Greed is killing football
Clubs and players need to adjust to new economic reality
As the Euros spur football fever around the continent, Peterborough United chairman Darragh MacAnthony warns that the football's lifeblood is under threat.
There is a recession going on in football but someone forgot to tell the players and their agents (and a handful of Premier League clubs).
Towards the end of 2008 the financial world went into meltdown and world economies nosedived. A large percentage of the global population has been affected in one-way or another - including me and probably most of the people reading this blog.
The Football League and its 72 members have also been victims of this recession with many of our most recent television and commercial deals being renewed for nearly 30% less then previous agreements. Many clubs will have seen dips in their attendances due to fans suffering economically, commercial revenue will also have dipped and turnover in general has been hit.
You only have to see the struggles of clubs such as Portsmouth, Plymouth, Luton, Port Vale and many others who have sailed close to the line to appreciate how tough it really is. I am constantly told that there are more out-of-contract or unemployed footballers right now than ever before, which gives you an idea of what’s really going on in football at the moment.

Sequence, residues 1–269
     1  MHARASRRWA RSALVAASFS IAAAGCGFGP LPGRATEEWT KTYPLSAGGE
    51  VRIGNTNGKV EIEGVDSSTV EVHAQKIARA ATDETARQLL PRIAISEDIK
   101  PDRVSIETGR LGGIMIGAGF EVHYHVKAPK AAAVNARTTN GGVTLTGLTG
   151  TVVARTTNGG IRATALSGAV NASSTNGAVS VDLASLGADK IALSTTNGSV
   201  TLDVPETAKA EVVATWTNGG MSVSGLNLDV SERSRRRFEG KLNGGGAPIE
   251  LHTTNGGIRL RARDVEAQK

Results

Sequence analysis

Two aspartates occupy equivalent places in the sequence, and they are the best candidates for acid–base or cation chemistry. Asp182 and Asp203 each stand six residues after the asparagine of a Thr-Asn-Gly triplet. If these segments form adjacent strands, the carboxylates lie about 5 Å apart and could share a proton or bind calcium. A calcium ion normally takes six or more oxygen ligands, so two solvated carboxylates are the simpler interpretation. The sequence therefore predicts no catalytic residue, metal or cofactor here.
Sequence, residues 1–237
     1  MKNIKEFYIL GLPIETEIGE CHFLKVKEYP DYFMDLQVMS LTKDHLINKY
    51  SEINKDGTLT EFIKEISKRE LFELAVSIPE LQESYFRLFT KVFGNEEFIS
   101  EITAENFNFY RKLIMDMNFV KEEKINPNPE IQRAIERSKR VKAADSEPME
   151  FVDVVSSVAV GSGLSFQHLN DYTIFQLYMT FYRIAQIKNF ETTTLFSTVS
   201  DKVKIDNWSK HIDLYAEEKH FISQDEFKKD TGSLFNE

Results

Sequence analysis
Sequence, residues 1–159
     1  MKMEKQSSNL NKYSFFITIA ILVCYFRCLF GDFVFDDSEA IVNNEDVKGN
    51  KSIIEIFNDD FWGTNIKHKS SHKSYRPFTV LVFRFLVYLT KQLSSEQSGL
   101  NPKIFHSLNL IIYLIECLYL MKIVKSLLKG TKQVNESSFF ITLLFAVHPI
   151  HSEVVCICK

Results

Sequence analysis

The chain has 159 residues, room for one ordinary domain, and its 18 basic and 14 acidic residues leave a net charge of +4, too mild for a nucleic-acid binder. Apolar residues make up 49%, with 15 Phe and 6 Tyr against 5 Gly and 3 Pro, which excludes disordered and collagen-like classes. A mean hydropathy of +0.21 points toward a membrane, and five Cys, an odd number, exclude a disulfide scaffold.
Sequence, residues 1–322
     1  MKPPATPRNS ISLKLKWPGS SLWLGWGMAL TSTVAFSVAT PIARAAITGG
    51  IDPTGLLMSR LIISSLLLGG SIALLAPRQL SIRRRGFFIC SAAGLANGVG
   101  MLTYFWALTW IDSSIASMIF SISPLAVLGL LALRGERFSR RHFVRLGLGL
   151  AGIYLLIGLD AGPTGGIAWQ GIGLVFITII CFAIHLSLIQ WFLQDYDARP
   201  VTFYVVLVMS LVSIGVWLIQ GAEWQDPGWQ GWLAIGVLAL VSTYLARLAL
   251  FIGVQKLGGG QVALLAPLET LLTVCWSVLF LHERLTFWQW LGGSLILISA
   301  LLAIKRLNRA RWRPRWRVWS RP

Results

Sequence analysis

"Football is an industry"
A small number of players are insulated from this economic downturn – they are so high profile that they will always find a club willing to meet their demands. We see them in the papers, we all know their names. I’m not writing about them, they are a creation of the modern game and as far as I’m concerned they can carry on going as they have done without causing too much damage to anyone except the pockets of some very, very rich foreigners.
But football is an industry and most of the people employed in that industry need to be mindful of the economic climate. Just as in factories or bus depots, workers have two options: they can talk to their employers and agree a reasonable package that is going to ensure their long-term future by protecting the sustainable future of the business; or they can try to suck as much out for themselves in the short term, ensuring that they become a burden to the business and either have to be booted out or drag their employers and their colleagues down.
"They thought they could hold my club hostage"
I appreciate that it’s a short career span and players feel the need to earn as much money as they can from a transfer or new contract, but sometimes common sense must prevail.
I can think of a number of recent examples where players have refused sound long-term deals because they thought they could hold my club hostage. To be fair, it’s often the agents who are behind it, trying to get their cut. But players themselves need to take some responsibility to make sure the greed of some hangers-on with no connection to the club or its fans don’t put their own financial interests first.
Don’t get me wrong; there are plenty of fantastic players with professional agents who act impeccably at all times and are a real credit to their profession but there is just not enough of them in the football world to help fix this problem fast enough.
In football, if not in politics, we are all in it together: players, fans and owners. The fans are doing their bit; I can affirm that most owners are also digging deep. Now it’s the players’ turn.
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- Manchester United